COVID-19: PM faces backlash over vaccine certification proposal as Labour critique plans

Boris Johnson’s plan to mandate proof of vaccination to enter nightclubs and other “crowded venues” from the end of September faces a major backlash as Labour say they do not support part of the proposals.

On Tuesday, ministers confirmed that the government want “higher risk” settings to make use of the NHS COVID Pass – which can prove someone has been fully vaccinated or has tested negative for the virus – over the summer in an attempt to manage the risk of infections.

However, by September proof of double vaccination will become mandatory to enter crowded venues – something ministers had denied was in the offing over recent months.

On Wednesday, Labour confirmed they oppose the use of vaccine certification “for everyday access to venues and services”.

“We need to see the detail of what the government puts forward regarding vaccine passports,” a Labour spokesperson said.

“We oppose the use of COVID vaccination status for everyday access to venues and services. It’s costly, open to fraud and is impractical.

“Being double jabbed doesn’t prove you aren’t carrying the virus. Testing for access to venues would be more efficient, and would give people and businesses more certainty.”

Vaccines Minister Nadhim Zahawi said earlier in the week that a negative coronavirus test would soon “no longer be sufficient” proof that a person was COVID-safe.

Speaking in the Commons on the day England’s nightclubs were allowed to open for the first time since March 2020, he said: “By the end of September everyone aged 18 and over will have the chance to receive full vaccination and the additional two weeks for that protection to really take hold.

“So at that point we plan to make full vaccination a condition of entry to nightclubs and other venues where large crowds gather.”

He was echoed by the prime minister, who said: “I would remind everybody that some of life’s most important pleasures and opportunities are likely to be increasingly dependent on vaccination.”

Speaking virtually at a news briefing from his period of self-isolation at Chequers, the PM said that he “certainly didn’t want to see” vaccine passports for bars, but will “do what’s necessary to protect the public”.

But speaking to Sky News on Tuesday, business minister Paul Scully said the government are “saying nightclubs and also larger ticketed events as well”.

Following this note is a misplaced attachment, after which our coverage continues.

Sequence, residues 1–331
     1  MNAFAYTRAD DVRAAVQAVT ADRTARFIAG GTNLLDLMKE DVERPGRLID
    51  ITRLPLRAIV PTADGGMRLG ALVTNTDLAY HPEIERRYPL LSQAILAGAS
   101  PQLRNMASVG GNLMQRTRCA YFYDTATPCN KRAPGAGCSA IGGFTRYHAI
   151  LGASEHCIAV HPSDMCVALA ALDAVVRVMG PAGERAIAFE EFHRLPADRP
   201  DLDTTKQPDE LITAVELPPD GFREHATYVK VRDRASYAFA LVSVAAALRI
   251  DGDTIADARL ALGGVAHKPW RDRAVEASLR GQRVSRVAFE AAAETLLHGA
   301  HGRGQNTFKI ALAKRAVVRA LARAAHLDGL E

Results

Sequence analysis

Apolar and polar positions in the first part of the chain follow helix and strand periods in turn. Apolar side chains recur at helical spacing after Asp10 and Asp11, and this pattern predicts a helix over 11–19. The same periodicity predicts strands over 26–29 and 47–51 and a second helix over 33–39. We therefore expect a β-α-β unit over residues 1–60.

He clarified that the government has to “work on the definition” of “crowded venues” that will be covered by vaccine passports.

And “a number of” sporting venues are already looking at requiring vaccine passports for entry, Mr Scully said.

Mr Zahawi promised that the plans would be subject to parliamentary scrutiny, and that there would be “appropriate” exemptions for people with a medical condition that means they cannot be vaccinated.

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The COVID Pass scheme, run through the NHS app, was initially launched as a way of clearing people as safe to attend trial events such as sports matches, festivals and concerts, or to prove that they are safe to travel abroad.

The PM is also facing backlash on the proposals from MPs on his own backbenches.

Conservative MP Charles Walker told Sky’s All Out Politics that vaccine passports for nightclubs are “way over the top” and he fears the PM’s announcement is the “thin end of the wedge” when it comes to people having to prove their COVID vaccine status to access venues.

“I suspect we will start off with nightclubs and by sometime in the autumn most hospitality venues will require a vaccine passport,” he said.

“We’ll see whether that will stave off lockdowns in the autumn and the winter. I suspect we’ll get both vaccine passports and more lockdowns.”

The night-time industry has also expressed concerns over the plans.

Peter Marks, chief executive of nightclub operator Rekom UK, told Sky News: “Younger guests are 95% of our customers – they won’t be fully vaccinated [by September].

“We won’t be requiring them, otherwise we won’t have anyone in.”

While Sacha Lord, night-time economy adviser for Greater Manchester, said the whole industry was “taken by surprise” by the plans.

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